Municipal credit fundamentals remain benign. According to the National Association of State Budget Officers as of June 2019, 32 states expect fund balance to grow in FY 20, with the mean reserve position for a U.S. state rising to 7.1 percent of general fund revenue. As a sign of confidence, new money issuance and state and local capital spending has increased on a year-over-year basis.
Corporate Market Review
Deleveraging Continues as a Defensive Standout
IG corporate spreads tightened 13bps in June with the Bloomberg Barclays U.S. Investment Grade Corporate Index generating excess returns of 144bps, bringing year-to-date excess returns to 391bps. Continued positive performance in June, a posting of 2.45 percent total return by the Bloomberg Barclays U.S. Corporate Index (“Corporate Index”), brought total return for the year to 9.85 percent.
For the month, returns were highest in lower-rated and longer-duration segments of the market. According to the Corporate Index, the best-performing sectors were Telecom, Cable, Food & Beverage, Metals & Mining and Chemicals. The worst-performing sectors included Packaging, REITS and Construction Machinery. At the rating level, BBBs outperformed, with spreads tightening 16bps compared to AAs and As, which tightened 9bps and 12bps respectively. Credit curves flattened as short maturity (1-3 year) spreads tightened 5bps versus 20bps of tightening for longer maturities (10+ years), per Barclays.
The swift tightening of spreads was reflective of strong technicals. IG corporate fund flows accelerated, with $20.4 billion in inflows bringing total year-to-date inflows to $142 billion, twice as large as the inflows in 1H18.3 Additionally, gross IG corporate new fixed-rate issuance declined by 22 percent from $109.2 billion in May to $85.2 billion in June.4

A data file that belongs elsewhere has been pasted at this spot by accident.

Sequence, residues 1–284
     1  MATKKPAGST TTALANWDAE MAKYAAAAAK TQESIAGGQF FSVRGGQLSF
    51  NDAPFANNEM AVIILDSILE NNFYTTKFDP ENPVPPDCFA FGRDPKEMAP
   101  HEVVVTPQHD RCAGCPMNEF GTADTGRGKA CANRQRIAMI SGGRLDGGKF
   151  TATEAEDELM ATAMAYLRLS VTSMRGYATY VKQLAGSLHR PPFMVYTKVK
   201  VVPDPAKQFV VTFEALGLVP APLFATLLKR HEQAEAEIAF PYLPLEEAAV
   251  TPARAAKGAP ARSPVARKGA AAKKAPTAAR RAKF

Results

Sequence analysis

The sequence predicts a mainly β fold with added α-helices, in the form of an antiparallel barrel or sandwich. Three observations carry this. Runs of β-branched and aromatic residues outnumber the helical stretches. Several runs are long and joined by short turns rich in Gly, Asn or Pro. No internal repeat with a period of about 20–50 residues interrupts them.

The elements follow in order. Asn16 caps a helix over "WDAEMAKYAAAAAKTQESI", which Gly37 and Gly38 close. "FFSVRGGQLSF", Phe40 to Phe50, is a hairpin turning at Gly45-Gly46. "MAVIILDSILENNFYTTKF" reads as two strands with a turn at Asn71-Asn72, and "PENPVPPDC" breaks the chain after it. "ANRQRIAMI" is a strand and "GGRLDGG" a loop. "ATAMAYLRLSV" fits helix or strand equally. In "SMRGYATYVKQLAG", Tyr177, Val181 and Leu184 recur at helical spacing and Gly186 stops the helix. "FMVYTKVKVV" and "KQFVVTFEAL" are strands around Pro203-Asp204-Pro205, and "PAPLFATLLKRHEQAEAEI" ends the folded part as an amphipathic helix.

In IG corporates, the theme of deleveraging continues (see Corporate Bond Market Outlook Q2 2019). The percentage of Industrial corporate borrowers reducing debt has increased in recent years following U.S. tax reform. Capital Goods, Pharmaceuticals and Healthcare saw elevated M&A in recent years, and the increase in debt reduction during 2018 was necessitated by higher-than-trend leverage and rating agency and investor expectations.
Securitized Market Review
Refinancing Risk Volleys Higher in MBS
MBS had a modestly positive month, producing 2bps of excess return over U.S. Treasuries, and year-to-date total return stands at 4.17 percent, per the Bloomberg Barclays U.S. MBS Index. Net supply of MBS is below forecast to start the year, as the securitization rate has dropped, and new and existing home sales have been volatile and clouded by seasonal/weather related impacts.
The U.S. Refinance Index spiked over the quarter, reaching highs ahead of the June FOMC meeting. The Refi index has shown responsiveness to the rally in U.S. Treasuries after three years of virtual stagnation. The level of refinancing risk has come into clear focus as 30 percent to 40 percent of the conventional 30-year mortgage universe has at least 50bps of refinancing incentive. Many of these mortgages were originated within the last year, as older vintages have seen lower rates.
ABS excess returns lagged in June, with negative 13 bps excess return in June, per the Bloomberg Barclays ABS Index. The two-year swap spreads went negative for the first time ever in June; however, nominal spreads versus swaps widened more to offset and caused the sector to underperform. In contrast to ABS, agency CMBS posted positive excess return over U.S. Treasuries for the month, and year-to-date total return stands at 6.02 percent, per the Bloomberg Barclays Agency CMBS Index. Agency CMBS net supply totaled $36 billion though end of June, as the sector continues to take market share from the conduit sector. The built-in prepayment protections protect cash flows into rate rallies and hard final maturities create a bullet-like positively convex security.
 TM3 as of June 30, 2019
 Seibert as of June 30, 2019
 Wells Fargo as of June 30, 2019.
 Barclays as of June 30, 2019.